translated by Martin Aitken
Lolli Editions (2020), New Directions (2022)
grab a copy here or or through your local independent bookstore or library
Olga Ravn’s The Employees is the first work of Danish SFT I’ve ever read, and it doesn’t disappoint. Presented as a series of statements given to a committee by human and humanoid employees, the novel offers a tantalizingly fragmented glimpse of life aboard the Six Thousand Ship.
When the ship lands on a planet they call “New Discovery,” the employees find a group of bizarre objects, which they promptly bring on board. Soon, both the humans and the humanoids begin to feel a strange connection to those objects, with some holding and kissing them, and others imagining that they’ve always known these multi-colored fragments…
There’s something familiar about them, even if you’ve never seen them before. As if they came from our dreams, or some distant past we carry deep inside us, like a recollection without language. (Statement 040)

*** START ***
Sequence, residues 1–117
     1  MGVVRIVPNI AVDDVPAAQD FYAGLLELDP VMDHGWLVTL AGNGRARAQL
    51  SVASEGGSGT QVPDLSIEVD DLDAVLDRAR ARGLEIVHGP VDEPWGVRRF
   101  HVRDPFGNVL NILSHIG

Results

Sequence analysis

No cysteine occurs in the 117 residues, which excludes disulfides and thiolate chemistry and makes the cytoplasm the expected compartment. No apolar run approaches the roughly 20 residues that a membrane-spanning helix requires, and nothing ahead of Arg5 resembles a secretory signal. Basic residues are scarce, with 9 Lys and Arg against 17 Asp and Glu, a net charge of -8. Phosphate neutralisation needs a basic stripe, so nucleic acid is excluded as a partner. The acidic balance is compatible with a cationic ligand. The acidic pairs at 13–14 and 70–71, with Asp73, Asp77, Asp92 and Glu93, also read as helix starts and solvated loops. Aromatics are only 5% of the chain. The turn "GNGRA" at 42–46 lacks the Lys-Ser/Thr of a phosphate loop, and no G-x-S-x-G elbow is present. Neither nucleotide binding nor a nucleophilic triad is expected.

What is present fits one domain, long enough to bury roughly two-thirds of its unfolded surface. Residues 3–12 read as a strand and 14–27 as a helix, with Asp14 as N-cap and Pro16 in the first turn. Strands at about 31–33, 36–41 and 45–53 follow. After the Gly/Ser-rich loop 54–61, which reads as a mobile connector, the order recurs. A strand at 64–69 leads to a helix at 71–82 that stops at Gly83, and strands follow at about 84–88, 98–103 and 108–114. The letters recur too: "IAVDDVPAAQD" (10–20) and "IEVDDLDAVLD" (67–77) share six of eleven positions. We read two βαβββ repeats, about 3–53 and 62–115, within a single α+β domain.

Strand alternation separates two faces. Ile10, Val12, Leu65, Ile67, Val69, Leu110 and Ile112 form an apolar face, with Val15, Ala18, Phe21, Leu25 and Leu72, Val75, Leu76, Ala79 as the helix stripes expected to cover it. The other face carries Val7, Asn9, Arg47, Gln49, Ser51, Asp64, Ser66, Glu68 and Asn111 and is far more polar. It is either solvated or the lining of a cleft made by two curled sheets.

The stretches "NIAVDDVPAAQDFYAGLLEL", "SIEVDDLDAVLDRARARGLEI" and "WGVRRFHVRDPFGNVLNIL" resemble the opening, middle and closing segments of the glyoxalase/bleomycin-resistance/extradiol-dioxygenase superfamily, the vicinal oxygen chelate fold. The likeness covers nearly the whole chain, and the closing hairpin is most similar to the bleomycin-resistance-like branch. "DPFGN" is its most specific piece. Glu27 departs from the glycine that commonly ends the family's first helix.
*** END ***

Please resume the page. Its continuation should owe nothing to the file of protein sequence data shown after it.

Developing alongside (or perhaps because of ?) the employees’ growing connections to these objects is an emerging sense of self on the part of the humanoids. Over the course of these statements, the humanoids talk about what it means, to them, to be human and how the human crewmembers treat them. Discussions of death and uploaded humanoid consciousness adds another dimension to these reports. A gradual chill in the relationships between members of the two groups breeds suspicion and threatens to jeopardize the mission.
Running like a thread through all of these recollections, philosophical musings, angry rants, and dreamy fantasies is the strange pull that the alien objects have on everyone living on the ship. It’s like the Strugatskys’ Roadside Picnic, only in The Employees, the objects were deliberately brought on board the Earth ship for study.
Martin Aitken’s translation from the Dutch skillfully captures the emotions always threatening to break through the staid, emotionless genre of the employee report. Hopefully we will see more Ravn in English, especially since we hadn’t had any long-form Danish SFT since 2011 (The Brummstein by Peter Adolphsen) or short-form since 2018 (“The Amputated Arms” by Vilhelm Bergsoe).
So go read The Employees and tell me what you think about it in the comments!